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After defaulting on her student loans and having her wages garnished, Yvonne fell into a deep depression.

“That was a very dark time in my life. I felt like I wasn’t providing for my family fully, because I wasn’t getting a full paycheck. But again, it was because of my own decision. So, for me, it was a double-edged sword… I didn’t know where to go. I didn’t know who to talk to. I didn’t know how to remedy it.”

Approximately 45 million Americans carry $1.7 trillion in student loan debt. But the racial wage and wealth gaps make student loan repayment especially challenging for Black borrowers. Not only does this debt burden have far-reaching financial consequences, but research also shows that the toll of student debt on people’s mental health can be just as devastating as the financial harm.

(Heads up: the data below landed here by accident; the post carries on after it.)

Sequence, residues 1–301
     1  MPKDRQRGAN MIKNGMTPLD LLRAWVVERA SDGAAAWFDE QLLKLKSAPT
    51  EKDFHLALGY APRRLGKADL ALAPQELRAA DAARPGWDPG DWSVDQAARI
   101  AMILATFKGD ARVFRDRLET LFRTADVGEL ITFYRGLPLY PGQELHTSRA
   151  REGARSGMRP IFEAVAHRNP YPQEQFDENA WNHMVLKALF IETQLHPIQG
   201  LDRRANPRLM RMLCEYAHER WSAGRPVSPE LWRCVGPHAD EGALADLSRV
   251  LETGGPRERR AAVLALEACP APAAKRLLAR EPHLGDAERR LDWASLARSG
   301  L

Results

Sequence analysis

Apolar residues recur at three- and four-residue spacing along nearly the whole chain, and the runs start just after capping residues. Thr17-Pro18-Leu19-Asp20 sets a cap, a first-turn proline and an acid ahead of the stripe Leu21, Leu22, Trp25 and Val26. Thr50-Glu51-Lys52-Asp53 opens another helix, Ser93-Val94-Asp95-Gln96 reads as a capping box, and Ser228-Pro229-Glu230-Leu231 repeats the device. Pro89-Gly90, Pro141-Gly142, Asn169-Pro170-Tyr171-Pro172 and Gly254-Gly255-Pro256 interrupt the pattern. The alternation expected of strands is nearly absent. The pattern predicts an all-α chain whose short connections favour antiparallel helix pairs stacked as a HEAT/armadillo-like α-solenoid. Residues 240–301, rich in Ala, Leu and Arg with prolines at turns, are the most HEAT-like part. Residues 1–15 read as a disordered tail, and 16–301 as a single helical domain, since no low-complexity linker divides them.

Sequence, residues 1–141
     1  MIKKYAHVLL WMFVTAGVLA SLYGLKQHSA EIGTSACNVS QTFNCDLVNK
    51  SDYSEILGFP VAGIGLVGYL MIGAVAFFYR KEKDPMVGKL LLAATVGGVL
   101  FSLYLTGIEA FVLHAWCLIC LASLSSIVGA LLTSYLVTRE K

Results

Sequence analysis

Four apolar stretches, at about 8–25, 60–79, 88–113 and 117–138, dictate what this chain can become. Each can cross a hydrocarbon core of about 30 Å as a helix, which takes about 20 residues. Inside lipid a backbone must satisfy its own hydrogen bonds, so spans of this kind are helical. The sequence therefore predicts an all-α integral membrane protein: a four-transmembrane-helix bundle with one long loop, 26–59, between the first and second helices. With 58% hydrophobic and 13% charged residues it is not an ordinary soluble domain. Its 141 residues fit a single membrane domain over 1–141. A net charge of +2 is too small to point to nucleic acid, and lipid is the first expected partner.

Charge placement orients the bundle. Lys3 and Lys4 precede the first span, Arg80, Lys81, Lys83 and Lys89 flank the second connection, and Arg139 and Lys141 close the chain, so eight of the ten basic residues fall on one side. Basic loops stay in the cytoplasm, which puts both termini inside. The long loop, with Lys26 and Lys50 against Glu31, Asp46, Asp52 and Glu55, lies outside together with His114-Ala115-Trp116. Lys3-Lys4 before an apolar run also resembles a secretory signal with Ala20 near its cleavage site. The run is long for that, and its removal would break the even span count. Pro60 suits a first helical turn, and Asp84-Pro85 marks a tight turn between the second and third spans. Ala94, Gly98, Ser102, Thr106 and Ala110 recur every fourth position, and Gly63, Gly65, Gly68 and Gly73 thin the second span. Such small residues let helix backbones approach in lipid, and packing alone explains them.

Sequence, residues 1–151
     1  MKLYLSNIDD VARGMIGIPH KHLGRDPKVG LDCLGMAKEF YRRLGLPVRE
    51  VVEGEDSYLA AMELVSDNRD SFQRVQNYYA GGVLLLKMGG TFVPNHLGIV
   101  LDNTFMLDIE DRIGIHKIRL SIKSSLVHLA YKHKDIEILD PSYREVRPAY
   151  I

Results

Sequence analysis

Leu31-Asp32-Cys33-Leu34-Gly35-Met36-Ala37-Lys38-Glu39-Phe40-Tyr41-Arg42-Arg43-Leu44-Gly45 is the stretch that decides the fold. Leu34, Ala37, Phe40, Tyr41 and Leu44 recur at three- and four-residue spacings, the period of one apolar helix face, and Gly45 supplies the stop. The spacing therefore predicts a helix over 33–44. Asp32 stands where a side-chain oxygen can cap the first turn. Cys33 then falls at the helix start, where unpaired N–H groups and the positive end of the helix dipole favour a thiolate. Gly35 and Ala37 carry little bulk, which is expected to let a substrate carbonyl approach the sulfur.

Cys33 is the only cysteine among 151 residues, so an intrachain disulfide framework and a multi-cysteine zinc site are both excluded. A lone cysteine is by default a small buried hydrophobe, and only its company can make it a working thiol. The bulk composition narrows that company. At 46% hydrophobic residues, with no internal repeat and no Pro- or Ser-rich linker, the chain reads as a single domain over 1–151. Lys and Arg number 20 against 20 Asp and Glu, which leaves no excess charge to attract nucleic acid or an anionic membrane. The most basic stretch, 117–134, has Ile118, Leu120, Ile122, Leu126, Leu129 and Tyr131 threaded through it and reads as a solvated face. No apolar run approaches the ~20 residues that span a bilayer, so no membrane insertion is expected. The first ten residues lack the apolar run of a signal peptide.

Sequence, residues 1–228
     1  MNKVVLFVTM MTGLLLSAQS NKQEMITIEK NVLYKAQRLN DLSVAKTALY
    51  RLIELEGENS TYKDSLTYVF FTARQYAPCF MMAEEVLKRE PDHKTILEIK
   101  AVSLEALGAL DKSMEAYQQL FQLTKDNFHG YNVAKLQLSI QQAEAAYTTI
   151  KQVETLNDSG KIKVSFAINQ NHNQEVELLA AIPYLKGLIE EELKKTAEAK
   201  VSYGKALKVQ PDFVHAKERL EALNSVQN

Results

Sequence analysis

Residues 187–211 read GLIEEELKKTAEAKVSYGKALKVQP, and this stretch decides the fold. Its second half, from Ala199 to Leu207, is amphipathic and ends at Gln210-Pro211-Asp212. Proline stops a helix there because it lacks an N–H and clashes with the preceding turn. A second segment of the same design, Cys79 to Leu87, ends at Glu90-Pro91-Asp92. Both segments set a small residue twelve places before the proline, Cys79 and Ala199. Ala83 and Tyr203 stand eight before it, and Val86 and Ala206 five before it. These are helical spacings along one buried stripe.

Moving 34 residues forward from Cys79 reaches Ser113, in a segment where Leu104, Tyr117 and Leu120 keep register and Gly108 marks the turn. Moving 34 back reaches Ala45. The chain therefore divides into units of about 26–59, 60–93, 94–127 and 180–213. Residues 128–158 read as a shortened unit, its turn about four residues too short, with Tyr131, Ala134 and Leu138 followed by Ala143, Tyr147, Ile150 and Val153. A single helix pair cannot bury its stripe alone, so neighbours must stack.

In “Jim Crow Debt: How Black Borrowers Experience Student Loans,” a report by The Education Trust in partnership with Jalil B. Mustaffa, Ph.D., an assistant professor at Villanova University and co-founder of the Equity Research Cooperative, we highlighted the Black student debt crisis and the experiences of Black borrowers based on a survey of nearly 1,300 Black borrowers and in-depth interviews with 100 borrowers. In this new brief, these same borrowers describe how student debt has affected them financially and mentally—with 64% of survey participants reporting that student debt negatively impacted their mental health.

Learn why Black borrowers carry the heaviest student debt burden and how that contributes to poor mental health, and what the federal government can do to ease borrowers’ burdens.